Food items connected to story: (this story is full of recipes) waffles, boiled potatoes, carrots in an apricot glaze, asparagus, lemon sugar cookies, tea biscuits, caramel apples, cinnamon rolls, chocolate covered nuts, pear soup, tuna noodle casserole, shepherd’s pie, butterscotch chow mein noodle cookies, cherry pie pork chops, Polynesian skewers

Liar and Spy by Rebecca Stead

author’s website                         No video book trailer found.

Summary: 7th grader Georges (silent S, named after artist Georges Seurat) is getting picked on at school, dad has recently lost his job, mom’s an absentee doing double shifts at the hospital. They have to sell their house and move into an apartment only a few blocks away in Brooklyn where Georges gets sucked into his new friend Safer’s Spy Club to determine whether another neighbor is evil. Friendship & family come together in this story so well.

Personal Reaction: Now this is getting tough – another one to nominate for SSYRA!
This book was expertly crafted as opposed to just being written. I love it when the climax pulls so many pieces of the story line together that it makes you dizzy. The LIE, the revelation to dad, the mom, the blue team… it was awesome. My favorite funny is p.74 stomping in slippers.

Curriculum or discussion topics: bullying, Science (sense of taste unit, bird watching), Home Ec (so many foods to make and describe!), PE (volleyball, Capture the Flag),  Art (color theory, Seurat, architecture, shabby chic, repurposing items) and Language Arts (the Science teacher has them write using taste sensory words, Scrabble tile messages, practical fortune cookie messages). Do I love this or what???

Connections to other books: NONFICTION – any books about art, esp. Georges Seurat and biographies will be great; kids cookbooks; books about your sense of taste, especially with microscope closeups of taste buds; PE/camp games to try with friends like Tag, Toss & Run: 40 Classic Lawn Games; spying & sleuthing skills, Morse Code & codebooks; the history of candy (any kind!), Wild Parrots In New York City; FICTION – for candy lovers The Candymakers by Mass, for Spies-in-Training NERDS by Buckley, for Benjamin Franklin trivia 39 clues Maze of Bones by Riordan…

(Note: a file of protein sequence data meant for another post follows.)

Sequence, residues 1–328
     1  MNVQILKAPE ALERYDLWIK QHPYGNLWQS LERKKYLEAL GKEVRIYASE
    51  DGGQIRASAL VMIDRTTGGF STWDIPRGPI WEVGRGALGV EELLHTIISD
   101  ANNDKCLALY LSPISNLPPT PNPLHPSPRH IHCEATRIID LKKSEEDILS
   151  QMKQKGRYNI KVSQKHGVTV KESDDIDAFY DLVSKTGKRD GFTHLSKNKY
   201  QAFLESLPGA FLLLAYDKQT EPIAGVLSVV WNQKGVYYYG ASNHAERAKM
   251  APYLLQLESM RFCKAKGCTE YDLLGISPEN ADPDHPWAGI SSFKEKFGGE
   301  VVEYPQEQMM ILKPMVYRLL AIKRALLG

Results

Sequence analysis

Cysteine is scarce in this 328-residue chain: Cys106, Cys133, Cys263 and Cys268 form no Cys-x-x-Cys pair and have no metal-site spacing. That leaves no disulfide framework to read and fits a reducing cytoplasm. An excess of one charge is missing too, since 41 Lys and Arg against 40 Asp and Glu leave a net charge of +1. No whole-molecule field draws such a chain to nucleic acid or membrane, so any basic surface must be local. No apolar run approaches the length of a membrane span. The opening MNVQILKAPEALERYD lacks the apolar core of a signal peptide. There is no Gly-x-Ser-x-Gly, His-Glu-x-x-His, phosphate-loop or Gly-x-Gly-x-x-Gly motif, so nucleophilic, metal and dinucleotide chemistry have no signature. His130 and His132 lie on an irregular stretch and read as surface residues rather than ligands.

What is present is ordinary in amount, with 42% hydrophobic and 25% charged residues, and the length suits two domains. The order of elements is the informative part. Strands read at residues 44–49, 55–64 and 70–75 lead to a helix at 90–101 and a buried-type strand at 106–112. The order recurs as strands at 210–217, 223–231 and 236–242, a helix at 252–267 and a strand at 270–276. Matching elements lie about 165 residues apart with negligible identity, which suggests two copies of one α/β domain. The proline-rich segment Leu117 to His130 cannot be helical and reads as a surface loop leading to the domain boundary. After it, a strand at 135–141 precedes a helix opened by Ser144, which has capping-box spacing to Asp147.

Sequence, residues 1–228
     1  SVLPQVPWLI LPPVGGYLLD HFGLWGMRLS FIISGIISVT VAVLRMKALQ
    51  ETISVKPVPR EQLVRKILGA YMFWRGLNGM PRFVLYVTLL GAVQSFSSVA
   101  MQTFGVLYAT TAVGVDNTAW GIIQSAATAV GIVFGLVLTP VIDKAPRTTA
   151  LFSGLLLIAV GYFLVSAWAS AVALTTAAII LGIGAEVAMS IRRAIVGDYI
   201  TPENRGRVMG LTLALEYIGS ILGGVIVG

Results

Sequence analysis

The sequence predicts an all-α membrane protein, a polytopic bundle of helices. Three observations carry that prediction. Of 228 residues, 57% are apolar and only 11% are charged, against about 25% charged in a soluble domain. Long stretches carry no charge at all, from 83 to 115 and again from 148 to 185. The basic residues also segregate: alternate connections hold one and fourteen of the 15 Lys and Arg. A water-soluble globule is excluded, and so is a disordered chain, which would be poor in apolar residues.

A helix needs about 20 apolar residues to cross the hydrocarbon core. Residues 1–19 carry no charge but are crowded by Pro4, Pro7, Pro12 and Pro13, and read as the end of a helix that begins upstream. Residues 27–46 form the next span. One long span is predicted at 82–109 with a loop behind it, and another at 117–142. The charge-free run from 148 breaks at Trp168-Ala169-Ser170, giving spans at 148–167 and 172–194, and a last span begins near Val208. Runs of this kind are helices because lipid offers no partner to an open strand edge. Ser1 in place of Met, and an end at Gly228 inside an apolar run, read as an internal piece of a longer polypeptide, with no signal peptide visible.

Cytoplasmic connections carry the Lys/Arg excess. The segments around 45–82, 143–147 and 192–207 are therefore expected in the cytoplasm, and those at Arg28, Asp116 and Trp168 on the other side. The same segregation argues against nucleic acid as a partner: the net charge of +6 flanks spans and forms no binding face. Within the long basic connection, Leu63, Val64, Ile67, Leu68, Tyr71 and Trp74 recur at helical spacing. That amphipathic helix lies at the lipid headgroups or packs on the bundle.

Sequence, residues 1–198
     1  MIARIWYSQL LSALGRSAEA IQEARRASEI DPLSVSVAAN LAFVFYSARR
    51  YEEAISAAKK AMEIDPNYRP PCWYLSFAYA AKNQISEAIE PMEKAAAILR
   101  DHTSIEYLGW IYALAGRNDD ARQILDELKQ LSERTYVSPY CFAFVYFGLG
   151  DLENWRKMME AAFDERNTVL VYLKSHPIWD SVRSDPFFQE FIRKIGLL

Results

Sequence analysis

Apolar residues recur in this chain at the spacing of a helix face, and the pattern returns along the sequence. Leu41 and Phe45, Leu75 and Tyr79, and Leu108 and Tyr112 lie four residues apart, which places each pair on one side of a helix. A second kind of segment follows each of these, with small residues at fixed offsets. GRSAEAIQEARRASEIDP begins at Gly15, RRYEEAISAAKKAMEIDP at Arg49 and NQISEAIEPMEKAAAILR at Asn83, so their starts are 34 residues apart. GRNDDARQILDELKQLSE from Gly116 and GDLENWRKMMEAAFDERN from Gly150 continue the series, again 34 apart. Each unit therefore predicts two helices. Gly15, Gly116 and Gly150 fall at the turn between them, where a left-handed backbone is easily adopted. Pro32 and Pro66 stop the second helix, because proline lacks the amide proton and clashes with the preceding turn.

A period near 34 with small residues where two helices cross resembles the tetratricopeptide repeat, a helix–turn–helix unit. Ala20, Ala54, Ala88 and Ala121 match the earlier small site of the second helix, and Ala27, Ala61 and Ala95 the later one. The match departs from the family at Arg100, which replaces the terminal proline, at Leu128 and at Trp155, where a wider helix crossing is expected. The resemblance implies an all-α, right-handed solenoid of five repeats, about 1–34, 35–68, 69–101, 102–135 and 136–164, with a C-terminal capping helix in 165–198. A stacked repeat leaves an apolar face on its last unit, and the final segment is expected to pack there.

Items to display with book: Scrabble tile message, blue Sharpie pen, silver flask, America’s Funniest Home Videos DVD, tongue chart (see link), binoculars, Naturalist’s notebook, fake dog poop or dog collar/leash, SPY CLUB sign, silver gum wrapper, small suitcase, baseball, old keyring with dozens of keys and/or little gold diary key, hospital scrubs

Food items connected to story: candies of any kind (esp. giant SweeTarts, lemonheads, Starburst, peanut M-n-M’s), coffee, all kinds of Chinese food (chicken & broccoli, sesame noodles, soups, scallion pancakes, and definitely fortune cookies), pretzels, peanut butter & banana on hot dog buns, pizza, Mallomars, scrambled eggs (with or without cheese), milkshakes, crusty mac-n-cheese

full disclosure: I received an ARC of this title as a Twitter prize, but was not compensated or asked to write a review for this book at all!

Ship of Souls by Zetta Elliott

author’s website    No video trailer found, but this is an author’s tour of the book’s primary location – it’s really interesting!

Summary: 11/12yo “D” (no one except his mom calls him Dimitri) has had some struggles. Dad is a mysterious, non-existent figure from his past. Mom has recently passed away from breast cancer. D spends a brief time in the foster care system before being taken to live with kindly old Mrs. Martin. But then the crack-addicted baby foster girl comes to live with them and D feels a little overwhelmed. He’s just getting into his new school and is accelerating in math, has made a friend of an older boy named Keem that needs a math tutor, and there’s an awkward friendship with Keem’s crush Nyla. (Both Keem and Nyla seem older than what I guess are 8th grade in the story). Then D finds a possessed bird who wants him to be a “host” for her spirit and go down under Prospect Park in NY to find the souls from the African Burial Ground and help them move on to the next realm.